Charging for What You Learn

When I was a student, I assumed that I was not ready to enter the real world. After all, I did not yet have my degree! And, in fact, this was rather convenient. Because I was not ready to enter the real world, I did not need to think about doing things with the real world. I might do an internship or small project, but these things were ad hoc. Not so important compared to the over-riding objective of getting my degree.

As I look back on this, I see a lot of waste in that attitude.I refer to wasted effort in the learning process. Because I was not connected to the real world, I did not develop a theory about what I might offer the real world. And without that theory, I was engaged in a random walk — an experiment of sorts, that what I was picking up would somehow become useful later in an environment that I did not understand. Using Lafley & Martin’s vocabulary, I was committed to make the effort in my work (I had no choice but to study) but I did not have a winning strategy.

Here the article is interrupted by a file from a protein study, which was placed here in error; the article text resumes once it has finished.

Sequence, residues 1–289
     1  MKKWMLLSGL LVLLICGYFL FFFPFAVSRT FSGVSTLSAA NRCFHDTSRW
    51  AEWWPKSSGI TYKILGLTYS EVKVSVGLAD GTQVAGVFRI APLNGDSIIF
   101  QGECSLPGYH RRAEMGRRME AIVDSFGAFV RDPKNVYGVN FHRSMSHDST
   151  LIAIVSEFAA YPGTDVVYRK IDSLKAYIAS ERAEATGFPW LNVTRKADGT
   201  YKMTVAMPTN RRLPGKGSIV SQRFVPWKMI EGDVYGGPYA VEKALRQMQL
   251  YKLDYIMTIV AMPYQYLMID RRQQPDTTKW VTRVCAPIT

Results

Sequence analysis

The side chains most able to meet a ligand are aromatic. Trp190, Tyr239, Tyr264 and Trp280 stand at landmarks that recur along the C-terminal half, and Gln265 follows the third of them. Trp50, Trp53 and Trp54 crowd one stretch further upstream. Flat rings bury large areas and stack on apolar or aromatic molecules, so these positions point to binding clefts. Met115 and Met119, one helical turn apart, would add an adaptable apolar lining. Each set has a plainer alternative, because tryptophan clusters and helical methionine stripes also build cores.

Could one do better? Pressures are mounting on the academic and real world to reduce the gap between these worlds. That fact creates an opportunity for students seeking to market what they are learning. They can sell their experiences — if they are able to write about them in a compelling way. 

It is an audacious idea. I will be on the lookout for students who do it.

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